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From UChicago to Nobel: How John Goodenough sparked the wireless revolution

University of Chicago News/Helen Greg

John Goodenough with battery

Prof. John Goodenough’s invention of the lithium-ion battery has helped power modern electronics, including cell phones, laptop computers and electric cars.
Photo courtesy of University of Texas at Austin

At age 97, alum and pioneering inventor of the lithium-ion battery to receive Nobel Prize

John B. Goodenough can still remember, word for word, what a University of Chicago professor told him when he arrived on campus following World War II: “I don’t understand you veterans,” said John A. Simpson, a new UChicago instructor who had just helped achieve the first nuclear reaction. “Don’t you know that anyone who has ever done anything significant in physics had already done it by the time he was your age—and you want to begin?”

Three-quarters of a century later, at age 97, Goodenough will become the oldest person to receive the Nobel Prize in Chemistry. At a Dec. 10 ceremony in Sweden, he will be honored for pioneering breakthroughs that led to the widespread use of the lithium-ion battery—and helping spark the wireless revolution. The descendants of his batteries now power modern smartphones and hold the potential to one day sustainably harvest solar and wind power.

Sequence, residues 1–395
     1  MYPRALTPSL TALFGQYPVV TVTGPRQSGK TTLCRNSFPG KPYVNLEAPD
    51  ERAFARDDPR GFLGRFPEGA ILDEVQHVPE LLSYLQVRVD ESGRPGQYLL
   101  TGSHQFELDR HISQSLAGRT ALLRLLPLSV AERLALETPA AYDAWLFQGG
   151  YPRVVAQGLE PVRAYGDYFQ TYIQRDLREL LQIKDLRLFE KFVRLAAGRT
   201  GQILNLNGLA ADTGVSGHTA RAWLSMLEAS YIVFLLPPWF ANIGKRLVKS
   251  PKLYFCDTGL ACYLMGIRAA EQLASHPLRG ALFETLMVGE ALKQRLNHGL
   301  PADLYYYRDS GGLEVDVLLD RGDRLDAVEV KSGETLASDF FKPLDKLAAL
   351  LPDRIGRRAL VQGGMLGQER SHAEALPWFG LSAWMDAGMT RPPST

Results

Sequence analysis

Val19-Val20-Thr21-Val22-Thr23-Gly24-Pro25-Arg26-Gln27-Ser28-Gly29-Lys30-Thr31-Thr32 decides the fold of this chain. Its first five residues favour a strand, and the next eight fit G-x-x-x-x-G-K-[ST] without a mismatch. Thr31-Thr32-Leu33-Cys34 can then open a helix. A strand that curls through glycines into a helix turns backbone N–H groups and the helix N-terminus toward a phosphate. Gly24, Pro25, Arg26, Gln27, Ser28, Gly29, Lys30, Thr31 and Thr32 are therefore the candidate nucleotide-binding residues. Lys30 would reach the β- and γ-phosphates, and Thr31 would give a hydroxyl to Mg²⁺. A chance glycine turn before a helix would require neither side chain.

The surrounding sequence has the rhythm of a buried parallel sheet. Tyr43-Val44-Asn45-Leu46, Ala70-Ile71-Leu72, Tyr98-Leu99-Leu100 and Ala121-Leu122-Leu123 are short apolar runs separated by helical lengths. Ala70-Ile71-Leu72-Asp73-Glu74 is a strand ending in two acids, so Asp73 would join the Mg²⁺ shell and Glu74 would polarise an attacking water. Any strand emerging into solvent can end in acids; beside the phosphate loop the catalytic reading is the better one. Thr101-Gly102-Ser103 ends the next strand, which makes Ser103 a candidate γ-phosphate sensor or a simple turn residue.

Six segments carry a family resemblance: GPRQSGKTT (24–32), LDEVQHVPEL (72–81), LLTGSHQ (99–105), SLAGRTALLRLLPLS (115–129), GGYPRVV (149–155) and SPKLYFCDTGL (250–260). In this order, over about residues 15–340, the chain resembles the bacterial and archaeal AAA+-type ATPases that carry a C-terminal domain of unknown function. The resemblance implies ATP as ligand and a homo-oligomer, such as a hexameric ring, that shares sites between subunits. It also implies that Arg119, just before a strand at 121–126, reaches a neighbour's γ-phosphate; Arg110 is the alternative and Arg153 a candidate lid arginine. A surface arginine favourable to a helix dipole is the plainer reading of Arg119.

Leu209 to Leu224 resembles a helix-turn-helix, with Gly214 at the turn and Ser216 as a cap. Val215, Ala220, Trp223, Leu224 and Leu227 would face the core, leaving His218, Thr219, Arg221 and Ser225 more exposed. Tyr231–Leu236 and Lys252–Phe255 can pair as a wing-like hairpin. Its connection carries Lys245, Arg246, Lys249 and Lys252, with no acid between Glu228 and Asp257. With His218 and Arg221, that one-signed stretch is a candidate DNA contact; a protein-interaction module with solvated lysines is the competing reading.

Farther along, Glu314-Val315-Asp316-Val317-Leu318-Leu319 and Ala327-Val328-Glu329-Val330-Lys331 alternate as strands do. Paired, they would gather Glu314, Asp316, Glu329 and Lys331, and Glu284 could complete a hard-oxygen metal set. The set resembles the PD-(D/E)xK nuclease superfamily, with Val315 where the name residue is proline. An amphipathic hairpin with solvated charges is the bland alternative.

Goodenough, SM’50, PhD’52, will become the 92nd scholar associated with the University of Chicago to receive a Nobel Prize (joining several of his professors, including Enrico Fermi). Now at the University of Texas at Austin, Goodenough still works every day at his laboratory, researching new types of batteries. “I have learned to be open to surprises,” he told The University of Chicago Magazine in 2016, and to “not have preconceived ideas or close your mind from listening to what might work.”

John B. Goodenough with students